How about a brief excursion into the etymology of the tools of the writer’s trade? The word “pen” is derived from the Latin penna, a feather – because, of course, for many centuries people wrote with quill pens, trimming and splitting the nibs with sharp little “pen knives”.
The German feder, Spanish and Italian pluma and French plume are all derived from the same etymological root. I’ve always found it an attractive idea that writing should be associated with wings, and that the same, proverbially light scrap of protein should bestow the power of flight on both birds and words. The plume should be ideally plucked from a nice fat goose, which could be paid for by exerting the feather, together with a little ink.
“Ink” itself has a very noble ancestry, being derived from encaustum, the purple liquid used by Roman emperors for signing. Ah, the power of the word! It’s related, of course, to “encaustic”, the technique of painting with melted, coloured wax, which produces vivid effects, but allows very few second thoughts. The artist has only a few moments before the wax cools, and so must get it right the first time – a lesson many writers might do well to learn, perhaps?
“Encaustum” is derived from Greek kaustikos, “burning”, because flame is needed to melt the wax; and the word is related to our “caustic”, meaning words or materials capable of burning, and also to “holocaust”, the burning of everything.
The great Holocaust in which twelve million human beings were consumed also began with a few words signed in ink.
Interestingly, the word “pencil” has a different derivation from “pen”, and comes from Latin “penis”, a tail. That this word also applies to the male sexual organ is one of those happy Freudian coincidences – or is it? Ay, thereby hangs a tale. It may be worth remembering that ‘author’ derives from the Latin verb augere, to make something grow, to originate, promote or increase.
These days, of course, pens and pencils have largely given way to keyboards. Although “keyboard” is a fairly recent coinage, dating to the early nineteenth century, the use of the word “key” to denote the striking lever of a musical instrument goes back to mediaeval times. The clavichord was a fifteenth century predecessor of the harpsichord and the piano, in which a string (chorda) was struck with a key (clavis).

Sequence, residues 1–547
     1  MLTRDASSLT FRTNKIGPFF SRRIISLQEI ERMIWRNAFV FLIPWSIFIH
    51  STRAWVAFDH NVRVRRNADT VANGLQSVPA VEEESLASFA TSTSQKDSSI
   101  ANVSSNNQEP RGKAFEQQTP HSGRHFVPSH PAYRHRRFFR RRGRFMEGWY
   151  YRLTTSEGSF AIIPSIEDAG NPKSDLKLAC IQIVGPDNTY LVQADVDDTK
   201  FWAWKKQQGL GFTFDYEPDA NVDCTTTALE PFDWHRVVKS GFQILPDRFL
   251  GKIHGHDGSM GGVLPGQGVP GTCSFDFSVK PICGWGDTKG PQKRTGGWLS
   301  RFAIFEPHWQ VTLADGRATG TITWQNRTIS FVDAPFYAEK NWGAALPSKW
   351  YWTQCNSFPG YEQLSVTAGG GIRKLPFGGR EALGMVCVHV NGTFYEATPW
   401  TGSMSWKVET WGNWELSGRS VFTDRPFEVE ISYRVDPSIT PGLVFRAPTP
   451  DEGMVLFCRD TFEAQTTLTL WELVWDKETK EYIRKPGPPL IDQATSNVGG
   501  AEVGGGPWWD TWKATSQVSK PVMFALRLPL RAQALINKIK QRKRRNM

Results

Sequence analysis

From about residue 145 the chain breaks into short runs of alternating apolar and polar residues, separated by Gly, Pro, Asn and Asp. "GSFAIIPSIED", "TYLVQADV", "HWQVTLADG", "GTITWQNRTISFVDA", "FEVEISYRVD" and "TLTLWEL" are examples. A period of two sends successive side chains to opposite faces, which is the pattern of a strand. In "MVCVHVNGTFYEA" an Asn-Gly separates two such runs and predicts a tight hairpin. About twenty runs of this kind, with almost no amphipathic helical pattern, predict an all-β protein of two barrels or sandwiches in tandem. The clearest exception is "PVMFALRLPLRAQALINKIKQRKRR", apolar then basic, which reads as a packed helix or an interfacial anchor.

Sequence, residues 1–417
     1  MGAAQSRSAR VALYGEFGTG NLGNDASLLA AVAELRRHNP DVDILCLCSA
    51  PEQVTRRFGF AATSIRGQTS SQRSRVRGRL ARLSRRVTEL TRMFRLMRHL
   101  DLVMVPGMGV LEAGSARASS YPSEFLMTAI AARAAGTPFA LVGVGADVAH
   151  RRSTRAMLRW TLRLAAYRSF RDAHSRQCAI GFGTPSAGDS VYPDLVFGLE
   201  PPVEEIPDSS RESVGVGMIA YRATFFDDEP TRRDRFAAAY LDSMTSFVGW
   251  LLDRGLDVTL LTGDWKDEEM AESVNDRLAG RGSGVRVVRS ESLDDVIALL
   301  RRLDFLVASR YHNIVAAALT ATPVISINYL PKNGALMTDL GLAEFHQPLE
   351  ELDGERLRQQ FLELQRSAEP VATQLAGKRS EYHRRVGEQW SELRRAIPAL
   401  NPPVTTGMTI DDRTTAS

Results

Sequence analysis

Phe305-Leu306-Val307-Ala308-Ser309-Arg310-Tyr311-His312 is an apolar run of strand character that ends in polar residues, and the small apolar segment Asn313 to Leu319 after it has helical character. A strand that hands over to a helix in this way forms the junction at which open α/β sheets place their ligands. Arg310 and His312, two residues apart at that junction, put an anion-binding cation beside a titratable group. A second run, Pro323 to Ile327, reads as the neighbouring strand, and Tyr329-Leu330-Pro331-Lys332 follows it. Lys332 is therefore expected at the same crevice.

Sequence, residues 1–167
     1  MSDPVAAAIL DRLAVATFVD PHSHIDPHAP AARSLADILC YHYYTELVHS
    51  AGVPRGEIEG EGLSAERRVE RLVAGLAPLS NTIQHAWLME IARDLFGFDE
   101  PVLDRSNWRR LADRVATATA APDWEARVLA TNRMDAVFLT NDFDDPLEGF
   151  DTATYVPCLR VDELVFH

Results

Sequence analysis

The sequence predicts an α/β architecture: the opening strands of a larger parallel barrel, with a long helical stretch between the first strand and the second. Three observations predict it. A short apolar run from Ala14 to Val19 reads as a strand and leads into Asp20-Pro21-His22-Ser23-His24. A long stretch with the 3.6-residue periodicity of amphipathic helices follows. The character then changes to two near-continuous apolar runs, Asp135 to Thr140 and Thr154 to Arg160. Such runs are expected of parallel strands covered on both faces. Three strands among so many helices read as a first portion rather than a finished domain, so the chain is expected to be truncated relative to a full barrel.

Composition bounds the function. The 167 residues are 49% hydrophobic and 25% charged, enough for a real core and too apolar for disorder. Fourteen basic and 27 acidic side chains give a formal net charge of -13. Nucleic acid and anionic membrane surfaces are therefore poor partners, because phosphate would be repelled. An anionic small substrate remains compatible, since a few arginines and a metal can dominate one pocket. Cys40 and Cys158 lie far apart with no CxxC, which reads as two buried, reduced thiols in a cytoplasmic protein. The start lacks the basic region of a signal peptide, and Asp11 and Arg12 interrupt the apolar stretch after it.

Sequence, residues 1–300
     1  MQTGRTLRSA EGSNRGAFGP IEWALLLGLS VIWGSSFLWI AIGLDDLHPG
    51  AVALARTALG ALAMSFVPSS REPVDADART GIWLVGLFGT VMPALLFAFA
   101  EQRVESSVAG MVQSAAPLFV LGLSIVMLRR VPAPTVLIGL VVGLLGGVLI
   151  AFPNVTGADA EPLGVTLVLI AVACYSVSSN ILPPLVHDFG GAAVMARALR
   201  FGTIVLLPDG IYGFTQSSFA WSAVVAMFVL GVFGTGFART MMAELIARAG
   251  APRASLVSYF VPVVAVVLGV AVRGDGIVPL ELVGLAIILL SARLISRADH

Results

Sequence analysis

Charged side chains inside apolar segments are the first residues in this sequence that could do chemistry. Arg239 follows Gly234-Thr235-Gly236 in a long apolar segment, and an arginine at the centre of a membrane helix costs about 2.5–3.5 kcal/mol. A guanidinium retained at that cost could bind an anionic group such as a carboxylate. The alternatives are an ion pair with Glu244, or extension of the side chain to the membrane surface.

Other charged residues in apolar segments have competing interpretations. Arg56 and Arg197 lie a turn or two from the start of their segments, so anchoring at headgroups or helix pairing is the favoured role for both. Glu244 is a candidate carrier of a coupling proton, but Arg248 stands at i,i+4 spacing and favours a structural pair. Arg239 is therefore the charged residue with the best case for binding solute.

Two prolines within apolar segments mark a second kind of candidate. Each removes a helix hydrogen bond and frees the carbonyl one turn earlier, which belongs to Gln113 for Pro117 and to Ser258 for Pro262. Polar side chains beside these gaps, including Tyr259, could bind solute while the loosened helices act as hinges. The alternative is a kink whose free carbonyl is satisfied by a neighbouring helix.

This concept was transferred to typewriters and thence to the computers we now use. Once again, there is something beguiling about this association, the clicking of our keyboards translating into flowing music. It makes one wonder what the next tool of the writer’s trade will be?
© Marius Gabriel, 2021.
This post is by Marius Gabriel. He is the author of a number of historical novels, including The Ocean Liner and The Parisians, as well as the Redcliffe Sisters 2-part series, Take Me To Your Heart Again and Wish Me Luck As You Wave Me Goodbye.
His novel set in wartime Paris, The Designer, won the Romantic Novelists Association Prize for Historical Romance. Born in South Africa in 1954, he has lived and worked in many countries, with a recent three-year domicile in Egypt. He now lives in Lincolnshire and has three grown-up children. To view all of Marius’s books click here.
According to “The Economist” Letterpress is making a comeback. This centuries old method of printing, whereby letters are pounded deep into the paper, is no passing fad for a new generation of artists, graphic designers and others accustomed to the world of digital print. They have “discovered” a printing process barely changed since its invention by Johannes Gutenberg in the mid-fifteenth century, and as a result are basking in the tactile and visual splendour that letterpress brings to their work. It’s a very far cry from the 1980s and 90s when photo-offset and computer printing deemed lead type redundant, and the only letterpress printing left standing were private presses whose handmade books were mostly aimed at bibliophiles.
So what accounts for this resurgence? Apparently, two factors. Firstly, digital fatigue, and second and somewhat ironically, technology has made it easier to print letterpress than ever before. An apprentice need no longer spend years learning how to set metal type into rows as a computer design can be turned into a plastic printing plate. Thus, for both the hobbyist and the professional designer, letterpress, be it metal or plastic, is now the latest on-point tool. Those who are returning to letterpress are learning the fundamentals of typography; leading the charge are those trained in the visual arts, such as graphic designers, fine artists and illustrators.
Let’s have more “what’s old is new”.
For an insight into the history and techniques of letterpress printing you can read Justin Knopp’s fantastic blog TypoReturn at http://blog.typoretum.co.uk/
He has his own letterpress printing business and is also involved in the conservation and restoration of old printing presses.